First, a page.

When it comes to investing in illiquid commodities, it is critical to take a long-term view and the only time to enter the market is when a fundamental change in a market is on the horizon. In other words, it is only appropriate to buy illiquid commodities when they are very cheap, when a price trend appears to be turning and one must be prepared to hold the long position for a long time, sometimes years.
Source: Yahoo Finance
REMX offers investors a reasonable level of liquidity as the trading vehicle has $42.66 million in net assets. REMX trades at an average of just under 30,000 shares each day and charges an expense ratio of 0.57%, which is reasonable in the world of ETF products. Now may be a good time to add some rare earth metals to your portfolio but be prepared to live with the exposure for years rather than weeks or months. However, the payoff could prove worth the wait.
Low risk and high reward potential
REMX has traded in a range from $11.07 to $115.64 over the past six years and at $18.41, it remains a lot closer to the lows than the highs. Risk-reward favors a long position in REMX at this time. Not only will demand increase for the technology that requires these commodities in the years ahead but the prospects for shortages in China that could turn the world's largest producer into a net importer of these metals will likely have a dramatic effect on the prices of these commodities. At $18.41 per share, the downside risk is still a lot lower than the upside opportunity in these metals.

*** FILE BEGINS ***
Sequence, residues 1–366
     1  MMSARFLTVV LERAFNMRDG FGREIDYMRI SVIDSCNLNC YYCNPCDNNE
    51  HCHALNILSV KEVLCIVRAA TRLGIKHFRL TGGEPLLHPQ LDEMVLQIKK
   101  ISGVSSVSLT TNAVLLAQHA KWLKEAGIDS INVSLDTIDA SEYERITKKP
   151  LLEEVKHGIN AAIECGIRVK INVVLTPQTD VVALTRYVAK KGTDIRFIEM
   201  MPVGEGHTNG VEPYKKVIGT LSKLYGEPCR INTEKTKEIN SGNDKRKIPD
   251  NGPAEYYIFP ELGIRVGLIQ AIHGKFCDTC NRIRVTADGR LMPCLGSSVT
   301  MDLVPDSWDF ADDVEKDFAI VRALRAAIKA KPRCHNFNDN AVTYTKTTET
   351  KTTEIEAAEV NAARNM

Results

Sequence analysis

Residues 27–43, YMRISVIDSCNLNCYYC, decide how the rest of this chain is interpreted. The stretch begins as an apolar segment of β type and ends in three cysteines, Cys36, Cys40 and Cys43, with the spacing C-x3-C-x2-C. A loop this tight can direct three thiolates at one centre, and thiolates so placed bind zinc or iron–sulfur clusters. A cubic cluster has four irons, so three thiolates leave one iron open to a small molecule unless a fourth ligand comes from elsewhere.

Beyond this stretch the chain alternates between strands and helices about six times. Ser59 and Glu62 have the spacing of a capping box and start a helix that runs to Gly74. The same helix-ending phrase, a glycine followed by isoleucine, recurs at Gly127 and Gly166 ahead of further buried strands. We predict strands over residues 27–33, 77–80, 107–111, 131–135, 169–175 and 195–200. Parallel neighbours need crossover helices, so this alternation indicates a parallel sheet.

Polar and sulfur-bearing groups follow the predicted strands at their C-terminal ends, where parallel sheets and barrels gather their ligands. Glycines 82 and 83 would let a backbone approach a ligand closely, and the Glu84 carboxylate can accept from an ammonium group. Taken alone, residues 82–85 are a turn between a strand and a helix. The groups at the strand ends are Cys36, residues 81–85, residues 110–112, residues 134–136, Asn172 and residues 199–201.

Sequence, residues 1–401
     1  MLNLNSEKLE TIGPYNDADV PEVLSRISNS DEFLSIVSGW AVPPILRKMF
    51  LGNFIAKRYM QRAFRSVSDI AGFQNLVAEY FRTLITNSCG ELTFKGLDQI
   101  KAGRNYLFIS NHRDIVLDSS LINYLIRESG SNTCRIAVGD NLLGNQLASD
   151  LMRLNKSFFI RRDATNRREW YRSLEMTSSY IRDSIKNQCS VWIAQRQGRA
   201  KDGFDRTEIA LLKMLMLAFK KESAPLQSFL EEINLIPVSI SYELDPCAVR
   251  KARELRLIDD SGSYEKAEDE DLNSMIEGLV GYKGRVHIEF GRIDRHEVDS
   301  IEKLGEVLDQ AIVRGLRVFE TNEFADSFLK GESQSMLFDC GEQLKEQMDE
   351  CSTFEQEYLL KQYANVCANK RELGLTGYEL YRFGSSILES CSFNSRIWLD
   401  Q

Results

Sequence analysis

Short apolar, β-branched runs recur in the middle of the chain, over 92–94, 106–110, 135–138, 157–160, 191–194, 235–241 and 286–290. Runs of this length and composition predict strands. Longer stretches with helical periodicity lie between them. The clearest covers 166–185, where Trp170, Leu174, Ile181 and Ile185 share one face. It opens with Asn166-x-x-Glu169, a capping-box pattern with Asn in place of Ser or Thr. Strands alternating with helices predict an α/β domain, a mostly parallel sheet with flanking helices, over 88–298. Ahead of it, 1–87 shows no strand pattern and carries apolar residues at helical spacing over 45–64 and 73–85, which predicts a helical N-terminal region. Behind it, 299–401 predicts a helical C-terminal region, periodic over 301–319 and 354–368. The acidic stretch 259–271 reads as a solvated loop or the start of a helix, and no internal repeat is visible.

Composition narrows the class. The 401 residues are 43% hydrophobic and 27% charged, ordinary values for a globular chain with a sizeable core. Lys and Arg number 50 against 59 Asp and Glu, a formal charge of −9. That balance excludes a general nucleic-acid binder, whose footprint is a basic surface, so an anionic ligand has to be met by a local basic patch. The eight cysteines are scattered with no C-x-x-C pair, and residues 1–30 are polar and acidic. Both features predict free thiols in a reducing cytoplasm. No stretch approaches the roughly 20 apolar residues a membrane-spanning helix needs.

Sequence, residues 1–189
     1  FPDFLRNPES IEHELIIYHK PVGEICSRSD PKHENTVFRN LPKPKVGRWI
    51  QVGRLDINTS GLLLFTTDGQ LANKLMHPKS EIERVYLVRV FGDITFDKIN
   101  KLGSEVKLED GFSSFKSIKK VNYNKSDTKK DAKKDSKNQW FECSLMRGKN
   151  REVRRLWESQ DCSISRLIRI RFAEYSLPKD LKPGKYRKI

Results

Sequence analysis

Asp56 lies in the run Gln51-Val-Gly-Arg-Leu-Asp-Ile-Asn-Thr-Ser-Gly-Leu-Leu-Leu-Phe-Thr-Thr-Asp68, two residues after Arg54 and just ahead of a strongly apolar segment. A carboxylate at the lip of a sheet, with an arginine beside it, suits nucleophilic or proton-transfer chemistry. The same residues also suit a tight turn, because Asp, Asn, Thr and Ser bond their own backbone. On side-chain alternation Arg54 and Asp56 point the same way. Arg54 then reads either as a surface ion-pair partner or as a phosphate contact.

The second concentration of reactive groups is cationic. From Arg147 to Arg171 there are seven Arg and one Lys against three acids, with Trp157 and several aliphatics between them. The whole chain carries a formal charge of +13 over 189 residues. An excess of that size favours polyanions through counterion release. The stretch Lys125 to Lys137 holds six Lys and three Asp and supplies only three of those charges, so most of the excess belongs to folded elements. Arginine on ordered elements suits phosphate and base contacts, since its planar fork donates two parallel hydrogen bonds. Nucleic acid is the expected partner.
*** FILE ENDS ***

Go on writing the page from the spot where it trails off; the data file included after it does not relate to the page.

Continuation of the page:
Rare earth metals are the commodities that are likely to make tomorrow's technology work in many cases. Consider a small long position in REMX. However, leave some room to buy, scale down if the prices move lower and offer even more of a bargain before reality of future shortfalls causes the price to rebound. Illiquid commodities tend to move furiously on both the downside and the upside. Over the past six years, we have witnessed tremendous price destruction and it now appears that these metals are in the early stages of recovery.
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Disclosure: I/we have no positions in any stocks mentioned, and no plans to initiate any positions within the next 72 hours.
I wrote this article myself, and it expresses my own opinions. I am not receiving compensation for it (other than from Seeking Alpha). I have no business relationship with any company whose stock is mentioned in this article.